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Taliban Attempt to Expand Presence in Surobi District

Afghan security forces in Kabul's Surobi district said that last week the Taliban launched attacks to expand their presence in the district and the group closed the Kabul-Jalalabad key highway. These attacks, however, were repulsed, said security forces.

The forces added that their checkpoints are still facing threats from Taliban heavy weapons and that air operations are needed to completely clear the district of Taliban.

TOLOnews reporter Anisa Shaheed and cameraman Wahid Ahmadi traveled to the Jagdalak area of Surobi district and talked with security forces in the area.

Surobi district is a key district of Kabul but it is insecure.

Although the Taliban has been present in the district for the past decade, in the last two weeks, since peace talks began in Doha, the Taliban have launched large-scale attacks on parts of the district.

According to officials, the attacks were focused on the Surobi - Jagdalak center road.

“If the opposition could find a way to capture the Jagdalak area they could threaten the Surobi district and even Kabul,” said Mohammad Rafi, administrative deputy of the Surobi district police command.

TOLOnews reporter Anisa Shaheed traveled with security forces on the road from the center of the district to the Jagdalak area, which is about 43 km away along unpaved road.

The forces told Shaheed that the Taliban launched attacks on checkpoints in the Jagdalak area and at the same time planted mines every 10m along the road in order to prevent the deployment of assistance to security forces in the area.

“There are four local police and two ANP checkpoints that they [Taliban] wanted to seize. They had united their groups from Laghman, Nangarhar, Logar, Kapisa and Kabul provinces,” said Qais, a local police commander in Jagdalak.

“The opposition had completely blocked the route with several ambushes,” said Mohammad Rafi, administrative deputy of Surobi district police command.

The TOLOnews reporter said that remains of an army Humvee targeted by one of the mines can be seen on the road where at least three soldiers lost their lives and another was wounded.

“When we started clearing, we cleared about 35 mines from here, and now the road is clear," said Hekmatullah, the de-mining commander in Jagdalak.

Security forces in the area told Anisa that the Taliban had captured the Sorubi - Jagdalak road and for several days heavy clashes continued between the forces and the Taliban.

Security officials in the area told TOLOnews that the Taliban’s "red unit" commander along with his fighters held a stronghold on the top of a hill in the area and security forces attacked them and killed the commander along with around 30 fighters.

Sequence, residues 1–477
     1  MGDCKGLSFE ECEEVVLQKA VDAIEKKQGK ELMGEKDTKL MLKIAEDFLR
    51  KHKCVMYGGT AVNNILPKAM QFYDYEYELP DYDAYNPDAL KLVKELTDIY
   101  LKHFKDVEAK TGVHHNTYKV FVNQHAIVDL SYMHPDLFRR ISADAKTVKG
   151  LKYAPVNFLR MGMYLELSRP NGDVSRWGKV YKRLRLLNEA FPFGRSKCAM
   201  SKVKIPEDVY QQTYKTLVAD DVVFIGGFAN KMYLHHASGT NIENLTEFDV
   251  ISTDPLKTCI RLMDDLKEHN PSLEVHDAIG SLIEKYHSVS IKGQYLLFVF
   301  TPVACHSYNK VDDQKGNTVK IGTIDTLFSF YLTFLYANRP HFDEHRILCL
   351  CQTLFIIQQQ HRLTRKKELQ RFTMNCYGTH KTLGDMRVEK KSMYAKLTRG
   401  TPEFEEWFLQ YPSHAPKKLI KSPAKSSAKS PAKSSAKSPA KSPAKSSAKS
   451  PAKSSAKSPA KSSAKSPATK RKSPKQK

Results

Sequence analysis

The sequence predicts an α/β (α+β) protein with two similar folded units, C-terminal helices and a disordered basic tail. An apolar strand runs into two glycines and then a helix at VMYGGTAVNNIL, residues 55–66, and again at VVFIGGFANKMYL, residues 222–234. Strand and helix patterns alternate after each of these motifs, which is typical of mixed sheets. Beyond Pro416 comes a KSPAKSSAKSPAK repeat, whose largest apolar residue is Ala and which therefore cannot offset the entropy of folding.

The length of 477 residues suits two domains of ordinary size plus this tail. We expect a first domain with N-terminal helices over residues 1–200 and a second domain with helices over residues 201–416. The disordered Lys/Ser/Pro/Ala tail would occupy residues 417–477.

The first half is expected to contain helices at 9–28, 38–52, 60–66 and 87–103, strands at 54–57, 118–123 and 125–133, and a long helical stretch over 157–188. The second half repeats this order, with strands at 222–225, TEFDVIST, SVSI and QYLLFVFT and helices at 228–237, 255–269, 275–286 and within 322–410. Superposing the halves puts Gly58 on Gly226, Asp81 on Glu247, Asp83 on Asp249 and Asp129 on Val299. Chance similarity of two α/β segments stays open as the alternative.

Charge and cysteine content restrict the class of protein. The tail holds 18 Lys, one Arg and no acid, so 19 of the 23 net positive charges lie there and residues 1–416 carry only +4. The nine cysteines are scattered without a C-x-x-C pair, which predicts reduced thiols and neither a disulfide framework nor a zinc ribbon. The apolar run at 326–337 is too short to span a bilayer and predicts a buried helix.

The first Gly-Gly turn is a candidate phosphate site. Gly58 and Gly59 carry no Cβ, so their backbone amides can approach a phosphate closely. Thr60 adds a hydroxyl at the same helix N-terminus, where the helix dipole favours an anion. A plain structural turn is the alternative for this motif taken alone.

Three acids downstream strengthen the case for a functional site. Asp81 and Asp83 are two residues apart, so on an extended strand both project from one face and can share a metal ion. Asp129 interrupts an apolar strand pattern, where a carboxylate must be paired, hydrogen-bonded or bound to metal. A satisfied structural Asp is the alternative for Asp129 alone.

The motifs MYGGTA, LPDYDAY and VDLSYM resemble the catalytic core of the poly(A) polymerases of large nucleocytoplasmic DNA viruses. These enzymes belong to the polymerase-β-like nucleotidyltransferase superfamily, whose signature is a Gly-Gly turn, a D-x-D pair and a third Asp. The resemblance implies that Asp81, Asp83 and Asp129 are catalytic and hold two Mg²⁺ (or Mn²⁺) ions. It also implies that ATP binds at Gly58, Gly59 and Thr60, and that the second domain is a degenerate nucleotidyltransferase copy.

Kabul police also confirmed that on September 17, Ghairatullah, also known as Mullah Sangeen, the deputy commander of the Taliban's "Red Unit," was killed during an Afghan forces operation in the Surobi district of Kabul.

Security officials in Surobi district said that a new checkpoint was established on the way to the Jagdalak area.

“There were enemies in all the surrounding hills, so we came to aid the police and cleared the areas,” said Jan Aqa, battalion communication officer.

“All the way was closed and by moving a cannon we were able to kill the dangerous deputy commander of the Taliban's "Red Unit,” said Sarmast, commander of the artillery block.

The army commander in Surobi district said that the district shared borders with insecure provinces.

“Surobi shares borders with insecure provinces like Azra district of Logar province, Hasarak district of Nangarhar province, Badpakh district of Laghman province and with Tagab district of Kapisa province,” said Mohammad Hazem, commander of the Surobi army camp.

TOLOnews' Shaheed said that during travels to the last forces checkpoint in the Jagdalak area, they were faced with Taliban firing.

“Three bullets hit the checkpoint,” Matiullah, a soldier said.

“The Taliban are present in the surrounding areas and by using Humvees and Ranger vehicles they are fighting with us,” said Hashmat Fedaie, Surobi district police commander.

Nazir Mohammad Ibrahimkhail, chief of staff of the 1st Battalion of the 3rd Brigade of the Afghan army said that there is a need for air support.

“The air force must destroy the heavy weapons of the enemy that are at higher locations. With those heavy weapons, the enemy threatens the police and army forces, and it is beyond our power to destroy them,” said Ibrahimkhail.

“Threats exist everywhere,” said Hayatullah, a local police officer.

Security checkpoints in the Jagdalak area were the last place occupied by the Taliban in Surobi District. According to the TOLOnews reporter, in the area four checkpoints were under siege by the Taliban for about five days, leaving soldiers without food and water until the way was opened.

The Taliban are still present in these areas, and they use mortars to target security forces. The machine guns they install on a Ranger vehicles are mobile and target security forces. One of the reasons why the Taliban value the area is the ruby mines that are said to exist in these mountains, and which are now under the control of the Taliban, who mine the stones.

Last week's clashes in the Jagdalak area claimed the lives of six security forces and wounded three others, but still soldiers are hopeful for a positive outcome to the peace talks.

Taliban Attempt to Expand Presence in Surobi District